Just stick with Ye Olde 32-bit 2.5.8. If it was good enough for your grandfather, it should be good enough for you, and if you have to use so many filters that you run out of memory, the source was probably so bad that it wasn't worth encoding anyway.

Remember this, kids: trying to add multithreading to a huge software project that was written without a single thought of thread-safety in mind is madness and a recipe for an eternity of crashing. If said software project also loads and uses many third-party plugins that ALSO were written without a single thought of thread-safety in mind, you might as well kill yourself and end up in Hell already, because that's probably going to be more pleasant than what you're going to end up with.

Last edited by TheFluff; 15th September 2011 at 22:52.
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Old 15th September 2011, 22:38   #254  |  Link
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If there existed a completely single-threaded 64-bit version that'd at least have the potential to be stable enough for actually getting shit done (that's what I mean by "production environment"). Unfortunately, there is no such version, and using 64-bit also severely limits the amount of available plugins.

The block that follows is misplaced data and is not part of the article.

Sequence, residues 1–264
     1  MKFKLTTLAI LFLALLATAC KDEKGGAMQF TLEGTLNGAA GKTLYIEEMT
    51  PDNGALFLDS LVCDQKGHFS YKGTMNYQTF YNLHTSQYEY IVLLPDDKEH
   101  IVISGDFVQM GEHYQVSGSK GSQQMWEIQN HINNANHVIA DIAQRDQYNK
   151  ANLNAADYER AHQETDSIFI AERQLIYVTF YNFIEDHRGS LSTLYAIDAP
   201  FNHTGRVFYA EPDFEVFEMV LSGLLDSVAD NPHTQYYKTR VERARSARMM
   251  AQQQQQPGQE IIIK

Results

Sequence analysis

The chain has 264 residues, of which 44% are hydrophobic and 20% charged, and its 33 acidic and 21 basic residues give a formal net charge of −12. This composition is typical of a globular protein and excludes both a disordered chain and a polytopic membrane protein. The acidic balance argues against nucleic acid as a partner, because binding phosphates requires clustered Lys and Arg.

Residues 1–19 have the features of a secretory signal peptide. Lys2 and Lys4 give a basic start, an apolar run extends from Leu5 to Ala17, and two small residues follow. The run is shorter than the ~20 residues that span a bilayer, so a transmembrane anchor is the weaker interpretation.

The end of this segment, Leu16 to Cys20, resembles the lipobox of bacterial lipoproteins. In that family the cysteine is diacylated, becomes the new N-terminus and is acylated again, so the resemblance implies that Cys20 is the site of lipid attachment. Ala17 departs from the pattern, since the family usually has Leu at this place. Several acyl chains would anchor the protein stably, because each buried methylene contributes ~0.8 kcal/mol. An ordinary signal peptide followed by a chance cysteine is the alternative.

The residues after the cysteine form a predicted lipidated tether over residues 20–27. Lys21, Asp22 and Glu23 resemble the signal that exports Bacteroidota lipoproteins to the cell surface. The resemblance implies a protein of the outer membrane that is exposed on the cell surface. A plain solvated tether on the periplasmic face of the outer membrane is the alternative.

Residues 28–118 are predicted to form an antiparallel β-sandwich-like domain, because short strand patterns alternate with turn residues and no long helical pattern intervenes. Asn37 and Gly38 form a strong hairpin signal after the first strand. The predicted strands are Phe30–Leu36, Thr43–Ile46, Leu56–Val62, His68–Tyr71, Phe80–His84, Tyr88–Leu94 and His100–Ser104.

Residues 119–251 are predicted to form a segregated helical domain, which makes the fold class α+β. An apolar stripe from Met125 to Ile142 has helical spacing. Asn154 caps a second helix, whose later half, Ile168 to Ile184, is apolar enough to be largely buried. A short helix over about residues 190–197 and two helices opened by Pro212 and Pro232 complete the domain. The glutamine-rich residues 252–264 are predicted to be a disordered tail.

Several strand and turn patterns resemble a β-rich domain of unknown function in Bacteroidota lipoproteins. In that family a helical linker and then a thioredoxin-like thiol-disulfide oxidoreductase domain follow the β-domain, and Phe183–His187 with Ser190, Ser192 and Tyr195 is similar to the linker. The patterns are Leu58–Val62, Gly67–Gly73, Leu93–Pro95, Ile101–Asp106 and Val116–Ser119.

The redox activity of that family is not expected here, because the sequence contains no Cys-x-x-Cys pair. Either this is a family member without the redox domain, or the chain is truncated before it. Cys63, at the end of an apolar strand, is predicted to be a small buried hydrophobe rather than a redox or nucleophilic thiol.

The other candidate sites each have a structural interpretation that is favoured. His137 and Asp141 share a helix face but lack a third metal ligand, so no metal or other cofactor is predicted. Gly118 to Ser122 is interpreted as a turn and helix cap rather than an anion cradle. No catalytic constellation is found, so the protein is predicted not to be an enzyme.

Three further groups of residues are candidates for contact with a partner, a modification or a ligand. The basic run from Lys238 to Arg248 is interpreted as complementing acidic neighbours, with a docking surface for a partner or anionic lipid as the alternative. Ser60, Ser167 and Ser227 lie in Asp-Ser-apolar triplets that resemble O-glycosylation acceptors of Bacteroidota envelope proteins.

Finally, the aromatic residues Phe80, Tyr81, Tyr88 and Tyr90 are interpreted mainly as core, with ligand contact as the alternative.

Dunno - I saw plenty people posting nice gains in speeds using MT ver and no stability problems. *sighs* I suppose I'll just have to try it out for myself if nobody else has anything helpful to say PRO one of teh choices... *sighs* ah well... Thanks for hte input thus far guys .
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Old 15th September 2011, 22:43   #255  |  Link
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Dunno - I saw plenty people posting nice gains in speeds using MT ver and no stability problems.
And there are also plenty of people complaining about stuff crashing all the time. It's a multithreaded version of a non-threadsafe application, which in plain English means it may work just fine ten times in a row or crash ten times in a row, depending on factors such as the phase of the moon, your hair color, cosmic radiation levels and whether you sacrificed a goat before using the application or not.

edit: it might work if you only use it in single-thread mode, but honestly, avs-mt is just so buggy that you're not likely to notice much of a difference in stability anyway...

Last edited by TheFluff; 15th September 2011 at 22:48.